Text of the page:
This is the famous Batman poster by Wes Wilson, his very first for Bill Graham. This poster may be the rarest of the lot. You can see that Wes was immediately exploring the possibility of wrapping lettering around shapes, and in his next poster made the leap of creating shape with his lettering, which became his hallmark. This poster was displayed behind glass at the Funky Features house from 1966 until 1969, then displayed in my home in London from 1970 until 1975, when it was stored in my plan drawers in Los Angeles. Perfect condition.

14" X 20" (36cm X 51cm)


Batman was a big thing in late '65 and early '66. I had painted 6 Batman comic pop art acrylic paintings by March of 1966 and sold them all to big collectors in San Francisco (one of them being the station manager of KFOG in Ghiradelli Square, where it was displayed in their foyer). So I can understand why Wes Wilson seized on the Batman image for this poster. I was certainly into Art Kane's art (the creator of Batman) in a big way at the time, and I'm sure Wes was as well.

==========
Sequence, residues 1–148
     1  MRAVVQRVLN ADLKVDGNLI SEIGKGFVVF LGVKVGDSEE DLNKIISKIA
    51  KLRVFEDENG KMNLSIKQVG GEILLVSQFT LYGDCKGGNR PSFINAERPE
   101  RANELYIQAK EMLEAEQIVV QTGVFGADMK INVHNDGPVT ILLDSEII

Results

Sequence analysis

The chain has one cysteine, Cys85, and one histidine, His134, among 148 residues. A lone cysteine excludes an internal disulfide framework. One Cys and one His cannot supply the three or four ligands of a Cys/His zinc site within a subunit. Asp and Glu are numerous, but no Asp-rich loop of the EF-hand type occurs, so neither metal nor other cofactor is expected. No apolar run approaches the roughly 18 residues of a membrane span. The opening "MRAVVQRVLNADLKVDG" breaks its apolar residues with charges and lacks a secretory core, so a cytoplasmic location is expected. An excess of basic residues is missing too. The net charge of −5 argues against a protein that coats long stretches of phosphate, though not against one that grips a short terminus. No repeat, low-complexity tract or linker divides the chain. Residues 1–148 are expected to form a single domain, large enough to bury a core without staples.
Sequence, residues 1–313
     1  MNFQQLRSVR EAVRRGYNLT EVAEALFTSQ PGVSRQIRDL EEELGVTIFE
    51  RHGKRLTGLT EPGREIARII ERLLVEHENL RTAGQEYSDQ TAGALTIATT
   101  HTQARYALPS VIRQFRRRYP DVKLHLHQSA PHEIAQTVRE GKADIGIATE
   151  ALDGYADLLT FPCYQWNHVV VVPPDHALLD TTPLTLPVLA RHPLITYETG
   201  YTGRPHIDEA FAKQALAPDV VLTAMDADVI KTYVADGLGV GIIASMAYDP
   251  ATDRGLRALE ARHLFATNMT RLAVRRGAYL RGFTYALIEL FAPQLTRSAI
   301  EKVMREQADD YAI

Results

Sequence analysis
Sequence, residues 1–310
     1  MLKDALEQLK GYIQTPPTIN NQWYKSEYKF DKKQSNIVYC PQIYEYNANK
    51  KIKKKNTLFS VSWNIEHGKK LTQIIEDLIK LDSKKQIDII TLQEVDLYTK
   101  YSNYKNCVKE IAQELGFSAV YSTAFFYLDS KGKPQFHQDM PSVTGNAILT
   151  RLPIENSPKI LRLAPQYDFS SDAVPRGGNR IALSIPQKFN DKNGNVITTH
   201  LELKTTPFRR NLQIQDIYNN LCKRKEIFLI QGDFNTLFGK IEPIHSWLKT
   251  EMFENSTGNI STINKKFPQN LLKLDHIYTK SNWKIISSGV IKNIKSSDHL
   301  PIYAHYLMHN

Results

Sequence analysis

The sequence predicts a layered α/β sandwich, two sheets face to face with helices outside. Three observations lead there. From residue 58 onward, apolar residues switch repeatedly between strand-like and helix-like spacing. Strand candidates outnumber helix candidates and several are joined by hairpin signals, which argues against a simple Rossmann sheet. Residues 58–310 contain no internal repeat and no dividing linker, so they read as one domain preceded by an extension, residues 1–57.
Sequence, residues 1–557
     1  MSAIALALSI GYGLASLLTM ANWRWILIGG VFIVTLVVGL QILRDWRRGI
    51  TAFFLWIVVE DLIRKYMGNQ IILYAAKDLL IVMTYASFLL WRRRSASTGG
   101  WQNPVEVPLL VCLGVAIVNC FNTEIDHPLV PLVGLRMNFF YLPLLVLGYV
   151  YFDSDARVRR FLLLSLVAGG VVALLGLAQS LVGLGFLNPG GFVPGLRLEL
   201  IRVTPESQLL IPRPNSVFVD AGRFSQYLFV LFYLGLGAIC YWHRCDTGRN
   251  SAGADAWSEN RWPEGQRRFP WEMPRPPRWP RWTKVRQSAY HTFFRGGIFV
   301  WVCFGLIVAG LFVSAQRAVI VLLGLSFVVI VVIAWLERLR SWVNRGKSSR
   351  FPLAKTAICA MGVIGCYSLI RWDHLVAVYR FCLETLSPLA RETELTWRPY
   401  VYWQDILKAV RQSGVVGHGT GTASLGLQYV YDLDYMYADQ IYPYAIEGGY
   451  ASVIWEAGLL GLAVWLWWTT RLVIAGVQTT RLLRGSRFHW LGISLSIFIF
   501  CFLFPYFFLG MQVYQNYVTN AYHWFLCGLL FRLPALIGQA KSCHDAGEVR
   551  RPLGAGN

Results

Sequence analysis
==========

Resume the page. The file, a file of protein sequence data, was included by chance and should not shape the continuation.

When I formed Funky Features with Funky Jack and Funky Sam (I was, of course, Funky Paul) our "official" car became my beat-up Allard Palm Beach (aluminum body on a tube frame, built in England...this company put out a "J" series of racers in the early 50's, pre-dating Cobras by a dozen years, that were lightweight British sports cars with big Cadillac and Chrysler V-8's that positively flew!) alas, my little Palm Beach was only fitted with an English Ford Zephyr straight six and a short-course racing 3-speed gearbox and rear-end (it was screaming at 60mph in third...but it got there quick). The Allard used to race in club races held in Golden Gate Park and had been rolled. It was given to me by a childhood friend who had ambitious restoration plans, but never got round to it.

One mad night, my artistic cousin and I painted the Allard up like a shiny comic-book illustration....all in blue and "outlined" in black with black "reflections." It looked fantastic....right out of a comic book. We then made a huge bat-tail and bat-face for it which we mounted on the car. I then drove around town in the Funky Features Batmobile, thrilling the public, and driving the cops bananas. It was the first psychedelic car in San Francisco, sprouting scores of other like-minded crazies to do up their cars as animals, spaceships, and what-have-yous.

Those were the days!

The SFPD had the last laugh, though...they hijacked the wonderful Batmobile late one night in early '68 and crushed it in the junkyard near Candlestick, then held up their hands and said, "Gee, sorry....we made a mistake!" Yeah. Such an ignominious end to such a nuts piece of rolling sculpture. To be fair, I think the thing that really got their goat was the sign on the rear that said, "This car is on official business, so don't fuck with it." Red flag to a bull, maybe?

I wish you coulda been there.